Both Democratic gubernatorial hopefuls last week said they would use a larger chunk of the state pension funds to create affordable housing if elected.

As state comptroller, H. Carl McCall oversaw the investment of only a fraction–less than one percent, according to his opponent–of the state’s $600 billion in pension funds in affordable housing construction. Investment in real estate is risky, said McCall, and New York can’t take that chance with its retirement money without a guarantee. But a guarantee is possible, if federal legislators are willing to grant it. So he and U.S. Senator Hillary Clinton have begun drafting legislation calling for a federally-backed guarantee on these kinds of investments, he told a roomful of housing advocates at a candidate forum sponsored by Tenants and Neighbors, a lobbying group, last Wednesday.

At least some state finance experts don’t think it’s such a bad idea. “Housing investments are less risky than venture capital investments,” said James Parrott of the Fiscal Policy Institute, a statewide budget watchdog. “There is some risk of default, but the federal guarantees would erase that problem.” And, he added, “The jobs of public sector employees will be more secure because of investments in affordable housing.”

On this point, McCall and his Democratic opponent seem to agree. While Cuomo skipped the forum for a week-long visit to Israel, he did suggest in a written statement that New York at least match California’s commitment: The Golden State’s Public Employees’ Retirement System currently invests over $2 billion, or almost 1.4 percent of its assets, in affordable housing, he noted. New York State’s Common Retirement Fund, he said, only puts about $200 million, or less than .2 percent of its total resources, into affordable housing.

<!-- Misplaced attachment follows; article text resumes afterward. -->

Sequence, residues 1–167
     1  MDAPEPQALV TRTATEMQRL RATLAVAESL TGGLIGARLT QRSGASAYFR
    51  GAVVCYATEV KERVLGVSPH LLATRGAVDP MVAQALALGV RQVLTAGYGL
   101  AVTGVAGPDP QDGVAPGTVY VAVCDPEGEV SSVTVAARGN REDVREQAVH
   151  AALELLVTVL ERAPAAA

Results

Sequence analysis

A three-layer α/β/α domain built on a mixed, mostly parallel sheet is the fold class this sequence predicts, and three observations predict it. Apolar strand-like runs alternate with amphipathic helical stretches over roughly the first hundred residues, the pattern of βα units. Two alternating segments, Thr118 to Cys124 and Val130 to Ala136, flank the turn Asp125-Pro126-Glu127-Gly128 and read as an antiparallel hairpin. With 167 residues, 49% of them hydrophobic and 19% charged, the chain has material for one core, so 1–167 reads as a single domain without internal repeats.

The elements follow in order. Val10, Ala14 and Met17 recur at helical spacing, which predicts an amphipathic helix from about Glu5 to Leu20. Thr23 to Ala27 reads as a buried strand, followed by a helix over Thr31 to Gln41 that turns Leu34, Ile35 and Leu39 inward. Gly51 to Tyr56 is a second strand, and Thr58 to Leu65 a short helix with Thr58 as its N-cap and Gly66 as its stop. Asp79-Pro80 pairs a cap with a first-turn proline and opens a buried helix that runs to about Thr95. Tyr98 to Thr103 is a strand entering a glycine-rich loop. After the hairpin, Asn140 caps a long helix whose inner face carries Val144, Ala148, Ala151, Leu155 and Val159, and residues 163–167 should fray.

“I was quite intrigued by McCall’s suggestion of using pension funds,” said Michael McKee of Tenants and Neighbors. “We can build a lot of housing with just a bit of that money.”

There is certainly a need. According to Housing First!, a housing advocacy group, New York City is short about 225,000 affordable apartments for its residents. And housing production has slowed down. In the 1990s, the number of housing units increased by 83,000 units, compared to the 1960s when five-times more apartments were built.

Green Party candidate Stanley Aronowitz had another idea: raise taxes. According to his math, a 2 percent tax hike for people earning more than $80,600 a year could bring in about $4 million to $6 million annually.

In the article above, we incorrectly stated that Tenants and Neighbors has endorsed H. Carl McCall in his race for governor. In fact, Tenants and Neighbors is a nonprofit organization and does not make endorsements in political races. We apologize for the error.